The Processing of Personal Data in the Light of Pandemic Diseases
- Processing of personal data in the light of COVID-19;
- The European Data Protection Board on the processing of personal data in the context of COVID-19;
- COVID-19- Derogations in the case of Cross-Border Transfers; and
- The applicability of the principle of proportionality in pandemics.
Processing of personal data in the light of COVID-19
Amid the spread of pandemic diseases such as the current COVID-19 pandemic, data protection is not usually the first issue that comes to one’s mind. That being said, the COVID-19 outbreak has forced entities and organisations both in the private and public sector to deal (among other things) with the following circumstances in which an individual’s data protection rights may be prejudiced:
Employees are being requested to work from home (where possible) to avoid the risk of contagion and employers are monitoring employees working from home;
Employees are requested to report any risk factors, such as any flu symptoms, and disclose their travel plans to employers who are in turn in doubt as to how to treat such cases and their obligations in the light of public interest may require them to report that an employee is infected with COVID-19 to other employees;
Public health authorities may wish to use data to investigate new cases, treatments and to keep abreast of an individual’s health data and monitor the virus spread;
Authorities may impose ‘monitoring measures’ to enforce lockdown through the use of video cameras and tracking phones.
The European Data Protection Board on the processing of personal data in the context of COVID-19
In the light of the above, the European Data Protection Board (EDPB), has emphasised that data protection rules, with particular reference to the GDPR, do not hinder measures taken in the fight against the coronavirus pandemic.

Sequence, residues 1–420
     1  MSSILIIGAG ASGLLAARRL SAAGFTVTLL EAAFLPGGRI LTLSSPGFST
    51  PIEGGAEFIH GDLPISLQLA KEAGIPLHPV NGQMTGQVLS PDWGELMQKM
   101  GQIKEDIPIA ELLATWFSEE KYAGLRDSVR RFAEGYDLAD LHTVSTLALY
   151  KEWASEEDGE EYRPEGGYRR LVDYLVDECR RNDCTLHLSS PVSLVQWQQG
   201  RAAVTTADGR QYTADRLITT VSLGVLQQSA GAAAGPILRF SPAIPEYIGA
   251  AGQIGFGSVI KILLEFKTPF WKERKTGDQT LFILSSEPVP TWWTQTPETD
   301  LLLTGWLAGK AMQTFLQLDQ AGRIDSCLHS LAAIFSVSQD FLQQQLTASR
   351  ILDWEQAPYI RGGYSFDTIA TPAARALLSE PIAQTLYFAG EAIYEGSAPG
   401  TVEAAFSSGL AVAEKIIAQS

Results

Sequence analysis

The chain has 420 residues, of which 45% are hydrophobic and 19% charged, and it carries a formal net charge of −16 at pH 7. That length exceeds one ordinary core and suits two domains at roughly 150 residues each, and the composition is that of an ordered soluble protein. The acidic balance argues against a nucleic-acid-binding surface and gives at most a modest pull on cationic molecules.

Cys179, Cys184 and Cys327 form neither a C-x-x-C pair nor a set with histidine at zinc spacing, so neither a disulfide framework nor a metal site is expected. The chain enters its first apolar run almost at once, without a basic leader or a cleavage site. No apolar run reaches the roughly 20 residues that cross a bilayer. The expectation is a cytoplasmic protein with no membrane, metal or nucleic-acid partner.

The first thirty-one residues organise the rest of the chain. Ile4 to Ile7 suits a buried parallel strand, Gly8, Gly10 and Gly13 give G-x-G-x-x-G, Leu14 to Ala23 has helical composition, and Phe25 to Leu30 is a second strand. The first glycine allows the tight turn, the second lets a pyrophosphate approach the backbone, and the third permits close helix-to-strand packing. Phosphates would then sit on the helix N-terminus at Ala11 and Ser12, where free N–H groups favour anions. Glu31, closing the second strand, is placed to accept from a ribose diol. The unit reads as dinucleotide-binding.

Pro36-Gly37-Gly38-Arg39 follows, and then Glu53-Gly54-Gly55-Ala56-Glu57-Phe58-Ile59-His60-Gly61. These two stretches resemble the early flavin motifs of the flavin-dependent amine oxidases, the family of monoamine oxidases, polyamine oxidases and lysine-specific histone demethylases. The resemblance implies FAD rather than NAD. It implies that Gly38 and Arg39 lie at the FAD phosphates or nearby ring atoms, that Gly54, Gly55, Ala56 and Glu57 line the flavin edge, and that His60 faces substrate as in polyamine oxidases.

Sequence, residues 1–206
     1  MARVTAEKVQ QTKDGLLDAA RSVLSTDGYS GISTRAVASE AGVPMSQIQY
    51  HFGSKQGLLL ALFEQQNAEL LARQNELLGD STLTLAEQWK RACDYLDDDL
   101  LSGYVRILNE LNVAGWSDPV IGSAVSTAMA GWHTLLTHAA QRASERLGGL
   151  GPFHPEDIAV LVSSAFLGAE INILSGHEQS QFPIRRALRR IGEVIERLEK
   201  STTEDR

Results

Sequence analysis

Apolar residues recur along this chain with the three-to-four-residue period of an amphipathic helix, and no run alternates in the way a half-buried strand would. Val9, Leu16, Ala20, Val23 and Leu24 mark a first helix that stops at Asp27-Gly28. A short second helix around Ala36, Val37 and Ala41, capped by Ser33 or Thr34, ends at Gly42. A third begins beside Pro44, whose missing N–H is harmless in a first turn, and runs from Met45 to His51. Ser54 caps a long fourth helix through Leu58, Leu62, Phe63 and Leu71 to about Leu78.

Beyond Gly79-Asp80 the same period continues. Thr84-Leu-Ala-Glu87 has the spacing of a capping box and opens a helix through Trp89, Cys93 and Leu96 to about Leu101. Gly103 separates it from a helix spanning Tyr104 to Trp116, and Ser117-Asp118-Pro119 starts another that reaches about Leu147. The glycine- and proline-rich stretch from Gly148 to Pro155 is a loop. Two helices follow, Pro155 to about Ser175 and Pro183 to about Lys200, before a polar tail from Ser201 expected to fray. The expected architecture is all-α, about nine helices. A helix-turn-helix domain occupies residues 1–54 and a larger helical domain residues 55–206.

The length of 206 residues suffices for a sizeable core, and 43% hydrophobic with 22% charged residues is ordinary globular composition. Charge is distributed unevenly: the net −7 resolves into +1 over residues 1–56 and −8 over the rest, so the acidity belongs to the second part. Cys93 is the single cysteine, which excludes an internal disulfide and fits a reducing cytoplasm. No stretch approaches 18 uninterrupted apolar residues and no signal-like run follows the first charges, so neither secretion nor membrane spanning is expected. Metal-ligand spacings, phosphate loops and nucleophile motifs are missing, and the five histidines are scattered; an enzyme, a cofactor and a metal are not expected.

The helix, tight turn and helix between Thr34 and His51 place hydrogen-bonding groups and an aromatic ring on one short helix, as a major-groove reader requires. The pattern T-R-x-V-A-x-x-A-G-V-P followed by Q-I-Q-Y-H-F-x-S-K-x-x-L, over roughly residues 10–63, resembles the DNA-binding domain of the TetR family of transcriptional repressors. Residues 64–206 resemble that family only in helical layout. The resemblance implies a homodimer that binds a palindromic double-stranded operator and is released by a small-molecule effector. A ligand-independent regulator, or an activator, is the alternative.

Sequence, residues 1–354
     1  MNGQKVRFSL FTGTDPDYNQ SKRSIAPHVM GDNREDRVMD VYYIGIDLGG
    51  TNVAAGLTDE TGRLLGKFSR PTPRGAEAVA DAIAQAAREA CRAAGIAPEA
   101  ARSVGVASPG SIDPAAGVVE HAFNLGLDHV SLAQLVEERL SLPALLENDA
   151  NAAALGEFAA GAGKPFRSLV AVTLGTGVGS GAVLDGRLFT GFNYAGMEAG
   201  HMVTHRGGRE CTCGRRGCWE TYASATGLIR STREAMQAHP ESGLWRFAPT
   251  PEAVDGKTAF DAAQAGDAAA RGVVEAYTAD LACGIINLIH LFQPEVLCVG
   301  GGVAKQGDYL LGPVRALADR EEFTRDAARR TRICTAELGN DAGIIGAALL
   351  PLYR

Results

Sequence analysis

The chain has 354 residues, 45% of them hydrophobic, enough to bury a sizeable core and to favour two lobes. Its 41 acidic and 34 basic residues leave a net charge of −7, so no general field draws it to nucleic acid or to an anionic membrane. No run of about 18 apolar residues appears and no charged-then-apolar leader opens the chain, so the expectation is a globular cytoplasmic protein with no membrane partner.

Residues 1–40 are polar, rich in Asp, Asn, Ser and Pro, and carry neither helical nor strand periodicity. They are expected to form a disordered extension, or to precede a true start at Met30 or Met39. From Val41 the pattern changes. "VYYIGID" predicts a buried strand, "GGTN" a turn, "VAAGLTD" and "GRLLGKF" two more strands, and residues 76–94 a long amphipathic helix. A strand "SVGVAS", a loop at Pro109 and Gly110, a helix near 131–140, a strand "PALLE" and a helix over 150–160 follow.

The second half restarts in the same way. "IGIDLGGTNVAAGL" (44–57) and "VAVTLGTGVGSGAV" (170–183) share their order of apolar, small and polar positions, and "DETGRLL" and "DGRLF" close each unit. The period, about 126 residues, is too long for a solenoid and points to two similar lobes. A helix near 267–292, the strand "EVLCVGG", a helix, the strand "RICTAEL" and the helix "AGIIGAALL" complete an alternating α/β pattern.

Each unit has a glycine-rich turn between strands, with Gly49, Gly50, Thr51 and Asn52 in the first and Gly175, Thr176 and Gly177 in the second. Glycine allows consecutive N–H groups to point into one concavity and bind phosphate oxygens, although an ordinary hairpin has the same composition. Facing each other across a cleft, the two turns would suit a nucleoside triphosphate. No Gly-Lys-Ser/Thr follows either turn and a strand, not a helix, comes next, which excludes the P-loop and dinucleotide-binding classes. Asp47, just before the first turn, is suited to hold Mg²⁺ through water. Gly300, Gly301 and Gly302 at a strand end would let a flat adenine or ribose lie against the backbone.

However, even in these exceptional times, the data controller must ensure the protection of the personal data of individuals. Therefore, several considerations should be taken into account to guarantee the lawful processing of personal data.[i]
Indeed, the GDPR caters for such situations under Article 6 and 9. These articles provide the legal basis to enable entities, such as companies employing individuals or public health authorities, to process personal data in the context of pandemics.
In the case of processing of personal data and special category data, the EDPB has interpreted these articles as allowing the processing of personal data, without the need to obtain consent, when processing is necessary to comply with a legal obligation, for reasons of public health as would be the case where the intention is to control diseases and other threats to health or to guarantee health and safety at the workplace.
This being said, the EDPB has emphasised that an emergency is a legal condition which may legitimise restrictions of freedoms provided these restrictions are proportionate and limited to the emergency period. Hence even though the articles of the GDPR allow for such processing and despite this being an extraordinary situation, one should not go further than what would be usually permitted, ensuring that the principle of proportionality is always be observed.
Indeed, the GDPR puts weight on the ‘necessity to process’ such data, emphasising that processing must be essential for protecting the lives of people. Article 6(1)(d) states that processing is lawful if necessary to protect the vital interests of the data subject or of another natural person.
For special categories of data, Article 9(2)(c) similarly provides that processing is lawful where necessary to protect the vital interests of the data subject or another natural person where the data subject is physically or legally incapable of giving consent.